To improve work holding on my milling machine, I have purchased a Soba precision vice from the Chronos catalogue. The vice is ground all over, allowing clamping on its sides or end. When the jaw is tightened, it is pulled forward and downward, reducing any tendency to lift, photo 1
The catalogue also showed miniature versions of this type of vice and I thought such an item would be very useful. Using a piece of 1 1/2in. x 1/2in. mild steel flat bar and a piece of 3/4in. square bar, a base could be built up, and a piece of 1in. square bar would serve for the moving jaw.
What follows is my attempt to make a 1 1/2in. version of the vice with a 65mm capacity. Photos 2 and 3 show the finished vice and photo 4 shows the component parts. See also drawing GA Pin Type Precision Vice.
The Body Fig. 1
A piece of the flat bar was squared up on the ends to a length of 110mm and one side dressed with a file for the pin hole positions to be marked down the centre of this side. These holes were then carefully drilled through 5mm diameter and countersunk to a depth of 1mm on both sides, photo 5
A centre line was marked on one of the wide faces and the centres of the ends of the slot marked and punched. Two 6mm diameter holes were drilled at these marks and the piece mounted in the milling vice on parallels to give a clear passage for cutting the slot.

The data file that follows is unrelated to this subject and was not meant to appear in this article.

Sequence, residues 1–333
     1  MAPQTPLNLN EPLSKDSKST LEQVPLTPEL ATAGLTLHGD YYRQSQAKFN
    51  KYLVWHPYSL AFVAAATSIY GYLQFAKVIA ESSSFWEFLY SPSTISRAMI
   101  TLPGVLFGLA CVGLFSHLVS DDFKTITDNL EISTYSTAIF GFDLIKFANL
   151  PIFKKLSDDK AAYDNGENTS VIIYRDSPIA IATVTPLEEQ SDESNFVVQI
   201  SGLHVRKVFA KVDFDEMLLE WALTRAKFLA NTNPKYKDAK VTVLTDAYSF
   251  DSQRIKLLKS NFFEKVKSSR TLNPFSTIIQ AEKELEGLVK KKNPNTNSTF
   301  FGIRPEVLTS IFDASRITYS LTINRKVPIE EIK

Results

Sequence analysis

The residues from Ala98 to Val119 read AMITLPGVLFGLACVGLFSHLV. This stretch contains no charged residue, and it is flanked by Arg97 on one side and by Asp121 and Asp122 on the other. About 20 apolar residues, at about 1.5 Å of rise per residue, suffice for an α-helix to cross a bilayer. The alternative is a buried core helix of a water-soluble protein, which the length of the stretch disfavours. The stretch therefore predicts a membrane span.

With a 6mm slot drill mounted in the chuck, and the cutter aligned with the left hand hole, cutting commenced with 2mm down feeds, travelling left to right to the stops for each cut until through at the bottom. The cutter was then replaced with a 3/8in. (9.5mm) slot drill and the process repeated.
With the table locked, a 10mm end mill was slowly fed down to full depth and the table released to carefully traverse along the slot until it just made contact with the end where it was withdrawn and the table moved the last bit to contact the stop and locked. The cutter was again fed down to depth and the table released to take a final cut to the beginning. This yielded a straight slot with a good finish to the sides and ends, photo 6
A countersink bit is fed down to a cut of 0.5mm and traversed to the end of the slot, providing a neat chamfer around the slot. This chamfering was repeated on the other side of the slot.Clamp the base to the mill table, pushing against a snug fitting parallel in the rear T slot. Also use a piece of flat stock secured to the table at the front to keep it in place. With a 10mm end mill, take the first pass along the front, 2mm deep with 3mm in-feed.
Add 0.5mm to both feeds and repeat. Measure the step to determine the exact amounts for the final pass. Reverse the piece and repeat this procedure for the other step.Making sure you are at the right end, mark and punch the positions of the holes for the fixed jaw securing screws and dowel pins. Drill the screw holes M5 tapping size and the pin holes 3mm, photo 6.